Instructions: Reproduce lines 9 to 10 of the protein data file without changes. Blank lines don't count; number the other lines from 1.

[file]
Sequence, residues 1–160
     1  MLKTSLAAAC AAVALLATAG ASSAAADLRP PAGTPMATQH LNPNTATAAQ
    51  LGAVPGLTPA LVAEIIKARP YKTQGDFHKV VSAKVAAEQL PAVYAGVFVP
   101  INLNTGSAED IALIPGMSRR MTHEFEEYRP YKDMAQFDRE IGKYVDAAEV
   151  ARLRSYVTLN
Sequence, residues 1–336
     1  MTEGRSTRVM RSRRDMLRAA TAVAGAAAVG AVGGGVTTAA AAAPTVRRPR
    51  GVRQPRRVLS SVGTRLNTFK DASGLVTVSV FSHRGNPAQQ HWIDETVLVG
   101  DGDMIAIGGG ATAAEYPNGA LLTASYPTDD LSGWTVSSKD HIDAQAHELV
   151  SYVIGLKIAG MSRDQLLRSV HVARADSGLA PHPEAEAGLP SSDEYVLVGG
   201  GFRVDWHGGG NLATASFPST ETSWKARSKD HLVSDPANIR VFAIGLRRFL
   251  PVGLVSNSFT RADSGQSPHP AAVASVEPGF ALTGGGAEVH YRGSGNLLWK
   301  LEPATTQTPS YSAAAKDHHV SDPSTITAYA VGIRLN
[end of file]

   101  DGDMIAIGGG ATAAEYPNGA LLTASYPTDD LSGWTVSSKD HIDAQAHELV
   151  SYVIGLKIAG MSRDQLLRSV HVARADSGLA PHPEAEAGLP SSDEYVLVGG